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House Big Tech Antitrust Bill Package Introduced

Capitol Hill
(Image credit: Architect of the Capitol)

The Democrat-controlled House Judiciary Committee has reportedly introduced a package of bills meant to rein in Big Tech by, among other things, requiring interoperability and nondiscrimination against rivals.

Both Democrats and Republicans have called for tighter antitrust oversight of the biggest of Big Tech--Amazon, Apple, Facebook, and Google particularly--arguing they have essentially bought up to monopoly by buying smaller companies before they are large enough to raise red flags and that mammoth size and market power is a recipe for anticompetitive conduct.

According to Consumer Reports, which has pushed for many of the moves outlined in the bills, they would:

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1. Require interoperability for large platforms to reduce barriers to entry and provide more choice for consumers without losing access to contacts or videos or other content amassed on a dominant platform.

2. Mandate nondiscrimination on those platforms, so they give the same functionality to competitors to their platforms and on similar terms.

3. Require large online platforms to justify acquisitions including by showing that they are not targeting a potential competitor or solidifying their dominance with the deal.

4. Increase pre-merger filing fees on the biggest mergers to give antitrust enforcers the resources to vet deals and police the marketplace.

Not surprisingly, Consumer Reports was pleased.

“These proposals will strengthen the ability of antitrust enforcers to protect and promote an open online marketplace, where competition can provide meaningful choices and options to consumers and to all who seek to reach them,” said George Slover, senior policy counsel at Consumer Reports, in a statement.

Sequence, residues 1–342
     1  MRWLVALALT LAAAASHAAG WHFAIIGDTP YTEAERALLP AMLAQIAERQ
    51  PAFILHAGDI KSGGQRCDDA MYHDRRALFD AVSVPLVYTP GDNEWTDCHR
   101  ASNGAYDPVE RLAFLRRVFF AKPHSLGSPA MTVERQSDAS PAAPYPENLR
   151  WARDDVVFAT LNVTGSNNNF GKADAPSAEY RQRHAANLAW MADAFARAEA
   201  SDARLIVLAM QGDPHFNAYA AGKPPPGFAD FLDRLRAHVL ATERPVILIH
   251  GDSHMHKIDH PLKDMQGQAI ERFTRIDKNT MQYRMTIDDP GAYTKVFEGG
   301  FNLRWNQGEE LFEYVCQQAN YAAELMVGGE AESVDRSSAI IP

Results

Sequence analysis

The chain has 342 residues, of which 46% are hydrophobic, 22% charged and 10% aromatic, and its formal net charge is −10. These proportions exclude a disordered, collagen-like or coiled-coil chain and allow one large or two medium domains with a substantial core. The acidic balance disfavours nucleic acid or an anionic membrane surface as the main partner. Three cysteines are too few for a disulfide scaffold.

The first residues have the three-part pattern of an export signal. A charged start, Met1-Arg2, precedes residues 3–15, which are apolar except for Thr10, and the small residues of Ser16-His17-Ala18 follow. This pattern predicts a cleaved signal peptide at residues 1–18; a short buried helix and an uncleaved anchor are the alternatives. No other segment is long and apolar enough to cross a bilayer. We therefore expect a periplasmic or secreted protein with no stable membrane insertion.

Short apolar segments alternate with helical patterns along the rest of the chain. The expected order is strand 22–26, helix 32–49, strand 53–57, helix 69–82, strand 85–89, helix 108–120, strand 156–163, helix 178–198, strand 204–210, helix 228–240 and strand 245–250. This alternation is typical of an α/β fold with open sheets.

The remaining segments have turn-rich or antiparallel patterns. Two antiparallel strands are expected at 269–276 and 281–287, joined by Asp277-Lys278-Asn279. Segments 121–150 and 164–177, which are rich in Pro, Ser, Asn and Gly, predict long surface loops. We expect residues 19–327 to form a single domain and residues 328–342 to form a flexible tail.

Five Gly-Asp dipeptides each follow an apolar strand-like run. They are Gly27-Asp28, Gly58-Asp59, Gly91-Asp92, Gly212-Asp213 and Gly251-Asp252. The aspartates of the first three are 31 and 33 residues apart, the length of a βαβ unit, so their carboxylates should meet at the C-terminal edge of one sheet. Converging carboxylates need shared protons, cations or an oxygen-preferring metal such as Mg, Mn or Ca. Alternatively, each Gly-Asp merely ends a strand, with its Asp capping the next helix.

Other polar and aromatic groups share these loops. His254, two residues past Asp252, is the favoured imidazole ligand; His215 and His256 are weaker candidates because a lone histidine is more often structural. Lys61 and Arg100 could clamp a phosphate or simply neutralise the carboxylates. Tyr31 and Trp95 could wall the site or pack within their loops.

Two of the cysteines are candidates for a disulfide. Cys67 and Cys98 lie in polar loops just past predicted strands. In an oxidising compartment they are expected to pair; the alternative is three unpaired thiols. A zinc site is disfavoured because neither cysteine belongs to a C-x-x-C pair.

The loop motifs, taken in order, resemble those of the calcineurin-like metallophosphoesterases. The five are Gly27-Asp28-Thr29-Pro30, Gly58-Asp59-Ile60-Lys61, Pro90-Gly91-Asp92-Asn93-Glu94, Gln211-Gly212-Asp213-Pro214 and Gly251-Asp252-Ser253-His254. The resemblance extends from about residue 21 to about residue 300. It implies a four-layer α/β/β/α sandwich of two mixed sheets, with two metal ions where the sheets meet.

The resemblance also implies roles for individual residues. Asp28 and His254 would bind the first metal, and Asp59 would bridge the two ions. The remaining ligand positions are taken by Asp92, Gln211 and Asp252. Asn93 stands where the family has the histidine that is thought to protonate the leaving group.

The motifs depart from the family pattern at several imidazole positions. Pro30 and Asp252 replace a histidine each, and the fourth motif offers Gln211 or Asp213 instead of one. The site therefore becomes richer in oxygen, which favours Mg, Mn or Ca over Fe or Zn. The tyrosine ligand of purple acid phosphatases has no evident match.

The Computer & Communications Association, whose members include Amazon, Google and Facebook, called the package an "interventionist" attempt to target a handful of tech companies and a shift from market-oriented principles.

Similar arguments have long been made by ISPs when they faced regulations mandating nondiscrimination and access.

“Rather than offer broad antitrust reform applicable across the U.S. economy, these proposed regulations focus upon a few companies whose competing products and services are very popular with consumers," said CCIA President Matt Schruers. "At a time when consumers are frustrated with higher prices and fewer options in other segments of the economy, it’s perplexing that the Committee would not prioritize broad reform....The House bills would put the government in charge of industrial organization. They disregard the principles that have governed the U.S. market economy and would stop successful tech companies from providing consumers with the products and services that improve their lives," he said. "If the House has its way, these bills will fundamentally affect how American users engage with the Internet services they know and love.”